Justin Trudeau is a little peeved at the senators he removed from the national Liberal caucus on Wednesday morning.
Literally minutes after Trudeau said "there are no more Liberal senators" the supposedly independent senators rebranded themselves as the Liberal Senate caucus.
Then, they went on to tell reporters that they were still Liberal senators.
"I’m still a Liberal senator, not independent, Sen. Mobina Jaffer said, according to the Globe and Mail.
"We all are members of the Liberal Party of Canada, and we’re all senators, so we’re Liberal senators," Senator Joseph Day said.
The confusion resulted in this gem of a line in Parliament.
"I gather the change announced by the leader today is that unelected Liberal senators will become unelected senators who happen to be Liberal," Prime Minister Stephen Harper said during Question Period.
"In fact, his leader in the Senate said the following in response to his announcement: 'I'm not a former Liberal. I'm a Liberal and I'm a Liberal senator'. He also said, 'I suspect that not a great deal will change'. That has to be the understatement of the year."
[ Related: Justin Trudeau removes Senators from Liberal caucus ]
The Senators' comments certainly seem to contradict Trudeau's announcement. If the Senate Liberal caucus becomes the Liberal Senate caucus does anything really change?
According to Canadian Press, Trudeau's advisers didn't expect that to happen.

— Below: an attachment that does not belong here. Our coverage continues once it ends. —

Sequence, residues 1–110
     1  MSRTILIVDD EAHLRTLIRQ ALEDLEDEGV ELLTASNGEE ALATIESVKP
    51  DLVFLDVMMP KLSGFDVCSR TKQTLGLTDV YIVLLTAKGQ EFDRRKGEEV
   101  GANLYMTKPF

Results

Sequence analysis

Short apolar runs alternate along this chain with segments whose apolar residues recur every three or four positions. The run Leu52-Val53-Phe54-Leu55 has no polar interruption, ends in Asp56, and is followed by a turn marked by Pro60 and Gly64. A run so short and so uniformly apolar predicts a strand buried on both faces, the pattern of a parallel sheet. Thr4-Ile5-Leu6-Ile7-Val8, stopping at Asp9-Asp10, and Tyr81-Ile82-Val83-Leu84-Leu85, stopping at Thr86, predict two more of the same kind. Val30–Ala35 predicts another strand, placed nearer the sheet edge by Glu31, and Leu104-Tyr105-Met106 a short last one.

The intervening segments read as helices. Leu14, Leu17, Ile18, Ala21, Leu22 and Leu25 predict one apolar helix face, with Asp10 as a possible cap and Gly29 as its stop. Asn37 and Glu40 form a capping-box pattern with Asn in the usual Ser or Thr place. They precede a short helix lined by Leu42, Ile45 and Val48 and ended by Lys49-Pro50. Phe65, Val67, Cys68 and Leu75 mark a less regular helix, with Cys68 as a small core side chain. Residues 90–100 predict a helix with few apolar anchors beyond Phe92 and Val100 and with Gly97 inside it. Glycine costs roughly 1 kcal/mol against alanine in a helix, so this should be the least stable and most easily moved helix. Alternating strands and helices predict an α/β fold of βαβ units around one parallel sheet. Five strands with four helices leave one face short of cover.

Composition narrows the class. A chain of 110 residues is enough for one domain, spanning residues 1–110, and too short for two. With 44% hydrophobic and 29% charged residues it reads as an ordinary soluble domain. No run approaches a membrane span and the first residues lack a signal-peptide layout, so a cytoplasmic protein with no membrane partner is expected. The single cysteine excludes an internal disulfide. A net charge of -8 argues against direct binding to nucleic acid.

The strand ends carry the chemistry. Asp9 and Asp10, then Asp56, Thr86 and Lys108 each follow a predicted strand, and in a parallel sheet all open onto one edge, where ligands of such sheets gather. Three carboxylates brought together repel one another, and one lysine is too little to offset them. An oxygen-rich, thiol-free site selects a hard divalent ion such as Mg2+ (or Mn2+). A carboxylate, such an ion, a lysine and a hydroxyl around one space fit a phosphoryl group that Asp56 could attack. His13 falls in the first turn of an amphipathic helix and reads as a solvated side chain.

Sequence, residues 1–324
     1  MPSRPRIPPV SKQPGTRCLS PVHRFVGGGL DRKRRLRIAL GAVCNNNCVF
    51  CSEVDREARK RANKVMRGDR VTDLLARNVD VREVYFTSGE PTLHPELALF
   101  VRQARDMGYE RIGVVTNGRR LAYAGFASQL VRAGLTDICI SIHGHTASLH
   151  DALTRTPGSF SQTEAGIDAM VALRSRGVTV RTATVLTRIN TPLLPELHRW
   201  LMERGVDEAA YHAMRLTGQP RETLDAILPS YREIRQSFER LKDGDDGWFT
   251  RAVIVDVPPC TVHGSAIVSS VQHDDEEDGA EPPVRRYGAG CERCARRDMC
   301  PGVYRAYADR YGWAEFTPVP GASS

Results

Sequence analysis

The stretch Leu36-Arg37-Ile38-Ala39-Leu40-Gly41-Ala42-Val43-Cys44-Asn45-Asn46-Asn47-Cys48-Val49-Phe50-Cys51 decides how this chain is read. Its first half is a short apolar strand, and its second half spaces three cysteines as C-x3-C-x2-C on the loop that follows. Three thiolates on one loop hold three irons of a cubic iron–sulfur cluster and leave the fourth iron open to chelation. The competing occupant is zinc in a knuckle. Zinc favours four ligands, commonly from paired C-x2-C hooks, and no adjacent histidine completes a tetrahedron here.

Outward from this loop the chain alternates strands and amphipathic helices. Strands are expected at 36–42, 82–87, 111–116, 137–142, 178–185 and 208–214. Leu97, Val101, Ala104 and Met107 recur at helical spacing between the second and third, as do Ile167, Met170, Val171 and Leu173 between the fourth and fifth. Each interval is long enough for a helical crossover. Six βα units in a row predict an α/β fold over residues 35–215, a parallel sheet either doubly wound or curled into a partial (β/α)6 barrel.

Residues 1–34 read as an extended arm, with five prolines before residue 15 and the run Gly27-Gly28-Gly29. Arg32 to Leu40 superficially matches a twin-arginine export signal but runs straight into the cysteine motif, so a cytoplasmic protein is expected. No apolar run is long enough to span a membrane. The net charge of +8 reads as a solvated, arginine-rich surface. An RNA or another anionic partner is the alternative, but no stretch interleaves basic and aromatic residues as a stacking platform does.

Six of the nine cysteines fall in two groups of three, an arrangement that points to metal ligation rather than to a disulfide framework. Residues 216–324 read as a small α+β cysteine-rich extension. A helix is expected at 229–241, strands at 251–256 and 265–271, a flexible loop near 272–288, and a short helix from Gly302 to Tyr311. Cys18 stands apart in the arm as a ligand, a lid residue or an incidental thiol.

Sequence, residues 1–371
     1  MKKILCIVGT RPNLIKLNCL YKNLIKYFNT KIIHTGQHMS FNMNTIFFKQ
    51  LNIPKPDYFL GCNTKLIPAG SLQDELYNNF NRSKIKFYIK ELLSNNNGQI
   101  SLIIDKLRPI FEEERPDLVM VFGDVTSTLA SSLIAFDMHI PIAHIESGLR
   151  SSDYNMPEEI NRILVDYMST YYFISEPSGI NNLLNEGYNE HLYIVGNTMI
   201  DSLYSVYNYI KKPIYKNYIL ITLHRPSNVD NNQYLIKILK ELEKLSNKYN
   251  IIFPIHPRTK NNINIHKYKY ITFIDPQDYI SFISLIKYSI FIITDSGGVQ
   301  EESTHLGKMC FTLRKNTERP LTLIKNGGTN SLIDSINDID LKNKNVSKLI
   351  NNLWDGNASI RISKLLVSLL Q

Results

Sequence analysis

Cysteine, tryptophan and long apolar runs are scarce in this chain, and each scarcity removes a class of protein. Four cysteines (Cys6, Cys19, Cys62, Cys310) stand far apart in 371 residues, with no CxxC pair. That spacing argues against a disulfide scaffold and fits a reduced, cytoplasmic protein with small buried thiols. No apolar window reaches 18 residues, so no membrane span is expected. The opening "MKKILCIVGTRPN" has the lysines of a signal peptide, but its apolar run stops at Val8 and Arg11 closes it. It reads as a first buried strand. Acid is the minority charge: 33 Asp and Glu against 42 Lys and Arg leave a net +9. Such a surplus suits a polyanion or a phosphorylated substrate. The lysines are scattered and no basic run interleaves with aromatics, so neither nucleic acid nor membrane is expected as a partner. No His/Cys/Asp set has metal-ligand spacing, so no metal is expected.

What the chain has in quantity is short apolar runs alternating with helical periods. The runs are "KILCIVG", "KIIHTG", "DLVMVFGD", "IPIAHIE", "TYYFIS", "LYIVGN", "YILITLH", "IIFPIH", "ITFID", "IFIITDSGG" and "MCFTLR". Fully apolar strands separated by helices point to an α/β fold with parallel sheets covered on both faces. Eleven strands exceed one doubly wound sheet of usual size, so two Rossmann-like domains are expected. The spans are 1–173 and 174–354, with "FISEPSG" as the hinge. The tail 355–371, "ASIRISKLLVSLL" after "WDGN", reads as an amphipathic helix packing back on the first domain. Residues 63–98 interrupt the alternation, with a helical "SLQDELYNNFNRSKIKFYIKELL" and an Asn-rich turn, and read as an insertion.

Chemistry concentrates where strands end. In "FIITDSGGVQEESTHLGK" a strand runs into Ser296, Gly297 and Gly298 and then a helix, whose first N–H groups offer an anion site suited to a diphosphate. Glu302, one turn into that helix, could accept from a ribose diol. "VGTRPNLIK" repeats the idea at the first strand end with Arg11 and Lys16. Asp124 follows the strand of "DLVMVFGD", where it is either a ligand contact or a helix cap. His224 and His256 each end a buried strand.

"[Trudeau's advisers were] unpleasantly surprised when the senators decided to reconstitute themselves as the Senate Liberal caucus and to continue designating themselves as Liberal senators — a move that contradicted Trudeau's assertion that there are "no more Liberal senators" and gave fodder to rival parties to dismiss his move as a meaningless gimmick.
They were even more surprised, and angered, when Senate Speaker Noel Kinsella agreed to recognize the 32 as Liberals. Kinsella's decision flies in the face of convention, Trudeau's advisers maintain, noting that whenever a senator has been expelled from caucus in the past, they have been forced to sit as independents."
Global News' Tom Clark might have the best explanation of why the senators chose to reorganize.
"Money is a key reason. Why's that? A senator gets paid $135,000 a year. If you're the leader of the opposition of the Senate add $36,000 on to that paycheque," Clark said during that network's national newscast.
"But guess what, if there's no official opposition, you don't get the dough.
"I'm told that Justin Trudeau is personally furious...at those Liberal senators who are trying to form this new Liberal caucus."
Other people that wouldn't be getting 'the dough' as independents would be the opposition deputy leader (an extra $23,100), the opposition whip (an extra $6,600), the opposition deputy whip (an extra $3,100) and the opposition caucus chair (an extra $5,600).
In this case, it pays to be Liberal.
(Photo courtesy of the Canadian Press)
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